2. Not really. A lesbian couple I’m friends with has a fiscally conservative R and a D.

            If the GOP quit picking on gays and abandoned the theocrat wing, they could get the majority of the LGBT vote.

            Course, then they’d be screwed because the theocrat wing of the GOP is their base.

            1. Prote, it would take a long time for the GOP to turn around their abysmal track record on gay issues. It’s really about the numbers. For each SoCon they lose they would have to replace that with one new vote. Not sure the numbers are there, yet.

              1. The most outrageously generous estimates put the homosexual population at ~10%. There probably aren’t enough, and probably aren’t going to be enough, homosexual voters to make up the difference, unless the GOP can convince a lot of the evangelical vote that it might be fun to rub penises together.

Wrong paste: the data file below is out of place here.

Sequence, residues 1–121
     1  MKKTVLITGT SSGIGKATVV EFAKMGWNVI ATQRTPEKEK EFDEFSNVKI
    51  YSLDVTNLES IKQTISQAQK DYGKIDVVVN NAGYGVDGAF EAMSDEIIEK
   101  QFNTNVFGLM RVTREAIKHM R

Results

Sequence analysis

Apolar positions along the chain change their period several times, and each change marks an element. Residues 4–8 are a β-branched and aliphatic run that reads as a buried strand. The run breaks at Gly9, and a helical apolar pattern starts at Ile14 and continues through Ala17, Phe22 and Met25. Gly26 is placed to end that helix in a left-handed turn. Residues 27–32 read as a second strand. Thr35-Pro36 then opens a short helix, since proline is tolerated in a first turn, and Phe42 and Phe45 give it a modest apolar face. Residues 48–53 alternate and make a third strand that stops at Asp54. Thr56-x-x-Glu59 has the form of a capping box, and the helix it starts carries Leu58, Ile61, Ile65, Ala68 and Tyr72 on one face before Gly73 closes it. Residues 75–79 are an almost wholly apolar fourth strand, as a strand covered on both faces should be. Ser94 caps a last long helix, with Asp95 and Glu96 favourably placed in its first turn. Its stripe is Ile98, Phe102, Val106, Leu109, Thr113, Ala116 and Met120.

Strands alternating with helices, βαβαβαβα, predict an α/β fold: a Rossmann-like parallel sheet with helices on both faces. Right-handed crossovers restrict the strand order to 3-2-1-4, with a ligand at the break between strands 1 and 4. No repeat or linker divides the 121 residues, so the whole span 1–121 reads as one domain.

3. Randi, gay rights are important to most of us (LGBetc), but some of us view property and gun rights as even more fundamental and therefore important. “It’s complicated,” as they say.

    2. “Romney lost because they many faces of the government have been teaching these people for the last 40 years, that they are the victims of a rigged system…”

      That’s because many of them *are* victims of a rigged system — and that rigged system is called the corporate state.

      But Democrats are simply better at convincing ordinary people that the party is “on their side,” when in fact the Democratic Party is just as committed to the “rigged system” known as the corporate state just as much as the Republican Party.